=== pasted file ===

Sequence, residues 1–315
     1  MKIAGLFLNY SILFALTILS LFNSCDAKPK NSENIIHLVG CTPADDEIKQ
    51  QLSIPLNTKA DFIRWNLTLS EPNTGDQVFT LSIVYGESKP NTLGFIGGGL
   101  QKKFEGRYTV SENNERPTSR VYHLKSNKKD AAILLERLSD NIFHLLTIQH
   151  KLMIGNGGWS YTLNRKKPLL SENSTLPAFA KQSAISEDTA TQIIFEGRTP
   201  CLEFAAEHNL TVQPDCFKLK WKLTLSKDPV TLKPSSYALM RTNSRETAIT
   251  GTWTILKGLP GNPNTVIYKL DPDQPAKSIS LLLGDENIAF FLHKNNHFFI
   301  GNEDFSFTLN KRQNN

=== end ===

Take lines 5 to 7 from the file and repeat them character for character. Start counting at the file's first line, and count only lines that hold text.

   151  KLMIGNGGWS YTLNRKKPLL SENSTLPAFA KQSAISEDTA TQIIFEGRTP
   201  CLEFAAEHNL TVQPDCFKLK WKLTLSKDPV TLKPSSYALM RTNSRETAIT
   251  GTWTILKGLP GNPNTVIYKL DPDQPAKSIS LLLGDENIAF FLHKNNHFFI